A history of alleged widespread harassment at Activision Blizzard could be a headache for Microsoft and its $68.7 billion deal

The word “culture” is often casually thrown about in corporate M&A announcements. Numbers and payouts often are de-emphasized (at least publicly) in favor of statements on how businesses were entirely aligned in vision and “a good cultural fit.” 

But there is enormous weight behind that single word. It points to people and their personalities, what they believe, and how they interact with one another; who is in charge and how they manage their reports; the way in which a whistleblower’s concerns are handled or ignored; or how women and people of color are treated when sitting at the table. It’s exactly that—the merging of two cultures—that can become one of the most significant roadblocks to a successful merger. And it may be this, not the Federal Trade Commission’s antitrust investigation, that could become Microsoft’s greatest challenge in its $68.7 billion acquisition of Activision Blizzard, the gaming company behind World of Warcraft and Overwatch.

A Fortune investigation, published this morning, details years of harassment where women say they were routinely belittled and discriminated against going back to the company’s early days. More than two dozen current or former Blizzard employees spoke with Fortune contributor Courtney Rubin for the story, describing a “hotness” spreadsheet that ranked new female hires and stated whether they were available or not, memories of being groped at company events, and being instructed to drink alcohol (“until I was blackout drunk,” according to one woman). Women reported rape and sex trafficking jokes.

Many of these concerns were raised in a California Department of Fair Employment and Housing (DFEH) lawsuit in July 2021 that alleged that Activision Blizzard had paid women less, were in lower-level positions, were less likely to be promoted, and were subject to “constant sexual harassment,” among other grievances. (Activision denied “all allegations of wrongdoing,” and said it had agreed to the settlement with DFEH to avoid “the expense, distraction and possible litigation associated with such a dispute”.)

A major problem appears to be that these allegations weren’t properly addressed when brought to the attention of HR or management. Here’s an excerpt from Fortune’s story:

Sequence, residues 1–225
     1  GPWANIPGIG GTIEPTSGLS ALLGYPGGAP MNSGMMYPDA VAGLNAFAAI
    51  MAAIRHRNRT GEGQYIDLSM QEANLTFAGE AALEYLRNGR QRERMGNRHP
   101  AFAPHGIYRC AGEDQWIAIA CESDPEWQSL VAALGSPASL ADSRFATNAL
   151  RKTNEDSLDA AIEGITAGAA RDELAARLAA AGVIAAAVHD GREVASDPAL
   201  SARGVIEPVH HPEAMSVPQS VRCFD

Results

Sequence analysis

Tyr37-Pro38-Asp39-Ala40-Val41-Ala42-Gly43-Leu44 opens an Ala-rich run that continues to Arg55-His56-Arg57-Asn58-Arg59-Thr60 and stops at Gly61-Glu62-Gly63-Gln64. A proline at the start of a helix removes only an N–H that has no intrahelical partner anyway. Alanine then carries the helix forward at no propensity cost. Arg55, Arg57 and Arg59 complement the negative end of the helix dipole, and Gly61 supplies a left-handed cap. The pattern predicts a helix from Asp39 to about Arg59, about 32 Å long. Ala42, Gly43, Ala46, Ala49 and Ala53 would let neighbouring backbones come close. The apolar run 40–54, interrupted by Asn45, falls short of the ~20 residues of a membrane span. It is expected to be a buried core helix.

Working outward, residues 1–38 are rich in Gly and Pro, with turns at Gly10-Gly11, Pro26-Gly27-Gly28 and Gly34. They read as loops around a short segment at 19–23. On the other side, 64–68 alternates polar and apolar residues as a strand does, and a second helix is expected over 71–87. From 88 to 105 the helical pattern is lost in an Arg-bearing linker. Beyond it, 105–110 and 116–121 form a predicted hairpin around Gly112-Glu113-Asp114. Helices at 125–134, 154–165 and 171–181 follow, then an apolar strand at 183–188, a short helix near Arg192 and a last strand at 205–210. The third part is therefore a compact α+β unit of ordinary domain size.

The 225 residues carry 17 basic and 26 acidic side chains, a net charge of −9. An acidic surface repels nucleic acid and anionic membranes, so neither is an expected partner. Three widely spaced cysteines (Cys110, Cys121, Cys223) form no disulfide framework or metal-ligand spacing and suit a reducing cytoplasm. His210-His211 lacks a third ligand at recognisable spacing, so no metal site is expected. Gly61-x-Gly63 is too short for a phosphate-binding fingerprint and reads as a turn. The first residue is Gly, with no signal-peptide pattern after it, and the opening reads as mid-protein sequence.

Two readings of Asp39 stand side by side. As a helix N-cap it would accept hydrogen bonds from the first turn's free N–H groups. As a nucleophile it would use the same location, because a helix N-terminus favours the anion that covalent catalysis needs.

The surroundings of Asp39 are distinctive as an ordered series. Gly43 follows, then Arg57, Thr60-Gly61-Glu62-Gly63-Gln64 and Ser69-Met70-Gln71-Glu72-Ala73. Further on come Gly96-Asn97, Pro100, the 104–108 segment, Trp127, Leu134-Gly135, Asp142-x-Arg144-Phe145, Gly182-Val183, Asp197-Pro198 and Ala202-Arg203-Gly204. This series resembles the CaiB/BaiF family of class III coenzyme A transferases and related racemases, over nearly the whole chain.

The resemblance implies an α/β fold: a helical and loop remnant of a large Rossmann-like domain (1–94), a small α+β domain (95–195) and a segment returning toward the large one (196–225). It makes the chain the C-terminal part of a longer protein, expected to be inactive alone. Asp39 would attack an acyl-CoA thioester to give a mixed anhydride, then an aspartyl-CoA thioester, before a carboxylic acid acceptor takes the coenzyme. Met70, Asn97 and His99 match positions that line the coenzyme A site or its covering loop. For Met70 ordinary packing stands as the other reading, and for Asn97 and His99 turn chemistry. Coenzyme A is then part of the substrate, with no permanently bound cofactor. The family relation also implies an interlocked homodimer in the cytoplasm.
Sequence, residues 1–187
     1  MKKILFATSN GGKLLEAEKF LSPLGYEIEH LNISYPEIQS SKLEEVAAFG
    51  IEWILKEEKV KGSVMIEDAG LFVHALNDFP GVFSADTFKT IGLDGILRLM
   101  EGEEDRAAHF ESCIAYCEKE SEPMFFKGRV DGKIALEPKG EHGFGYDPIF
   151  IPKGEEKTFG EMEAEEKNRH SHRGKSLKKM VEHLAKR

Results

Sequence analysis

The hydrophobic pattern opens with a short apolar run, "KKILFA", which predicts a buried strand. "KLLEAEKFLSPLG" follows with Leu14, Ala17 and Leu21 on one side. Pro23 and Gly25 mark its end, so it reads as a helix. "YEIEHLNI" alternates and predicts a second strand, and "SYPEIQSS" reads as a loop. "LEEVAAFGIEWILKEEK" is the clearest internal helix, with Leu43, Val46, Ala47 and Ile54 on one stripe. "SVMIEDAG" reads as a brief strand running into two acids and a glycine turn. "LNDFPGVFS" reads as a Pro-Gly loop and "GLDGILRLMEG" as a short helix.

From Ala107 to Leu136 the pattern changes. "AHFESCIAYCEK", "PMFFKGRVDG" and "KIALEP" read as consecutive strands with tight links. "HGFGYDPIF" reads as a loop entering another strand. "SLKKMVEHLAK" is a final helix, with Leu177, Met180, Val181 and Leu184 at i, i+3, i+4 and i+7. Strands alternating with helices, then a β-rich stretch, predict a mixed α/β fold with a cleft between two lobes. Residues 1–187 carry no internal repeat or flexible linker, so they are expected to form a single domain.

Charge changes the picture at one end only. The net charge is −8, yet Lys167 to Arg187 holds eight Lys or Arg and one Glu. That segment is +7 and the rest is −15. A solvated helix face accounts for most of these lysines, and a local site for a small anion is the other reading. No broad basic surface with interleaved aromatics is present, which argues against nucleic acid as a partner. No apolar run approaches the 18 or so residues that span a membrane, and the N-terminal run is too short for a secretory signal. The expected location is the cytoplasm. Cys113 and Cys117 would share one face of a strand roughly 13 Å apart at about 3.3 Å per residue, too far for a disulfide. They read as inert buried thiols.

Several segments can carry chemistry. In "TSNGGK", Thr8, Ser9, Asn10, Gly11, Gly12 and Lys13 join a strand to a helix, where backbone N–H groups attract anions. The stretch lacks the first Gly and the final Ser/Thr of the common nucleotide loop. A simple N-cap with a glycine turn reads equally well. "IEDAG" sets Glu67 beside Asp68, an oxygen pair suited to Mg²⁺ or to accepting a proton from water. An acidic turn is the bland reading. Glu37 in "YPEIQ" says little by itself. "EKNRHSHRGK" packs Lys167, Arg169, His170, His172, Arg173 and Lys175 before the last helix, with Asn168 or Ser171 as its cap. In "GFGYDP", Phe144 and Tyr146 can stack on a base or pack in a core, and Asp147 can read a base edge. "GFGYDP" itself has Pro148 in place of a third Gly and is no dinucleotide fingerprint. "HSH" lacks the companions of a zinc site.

“Employees recount a revolving door of HR hires that made it hard to build up trust. And if HR did take action on complaints, according to some employees, it was often just to move the problem person to another team. There was rarely, if ever, a paper trail. If HR came back and said, as they did with one woman, ‘It’s a misunderstanding. We’ll talk to him,’ there was no proof that they did. [A former software engineer] says that after she posted about her experiences at Blizzard on Twitter, including negative encounters with HR, she heard similar stories from more than 300 employees and alums. Multiple women told Fortune that they didn’t feel they could trust the HR process and that speaking out might in fact be used against them.”

Microsoft gaming chief Phil Spencer has said that Activision Blizzard is making progress and told the Wall Street Journal that “we see the progress that they’re making that was pretty fundamental to us deciding to go forward here.” (Microsoft said last month it was reviewing its own sexual harassment and gender discrimination policies). Activision Blizzard did commit at the end of last year to launching a zero-tolerance harassment policy, upping the number of women and nonbinary people it employs, waiving required arbitration of sexual harassment and discrimination claims, and providing more regular updates to its progress.

Activision Blizzard told Fortune that “the Blizzard you portray from years past is not the Blizzard of today. Virtually no one you mention from Blizzard is still with the company, and the events and processes you highlight are not a reflection of today’s Blizzard—nor have they been for years. The leadership team at Blizzard is focused on creating the best possible environment for every member of our team. Across Activision Blizzard, our goal is to set an example for our industry with a truly safe and respectful workplace. Mr. Kotick is focused on ensuring that we live up to our values and aspirations without exception, and we are working hard to take the actions necessary to do so.”

Whether Activision’s culture has, indeed, changed—and what it looks like now—could play a major role in the success of Microsoft’s largest acquisition to-date. If the FTC gives the deal a green light, I suppose we’ll quickly start to find out.

Please note: Yesterday, I referred to Silver Lake as Silver Lake Capital. Please forgive my error.

See you tomorrow,

Jessica Mathews
Twitter: @jessicakmathews
Email: jessica.mathews@fortune.com


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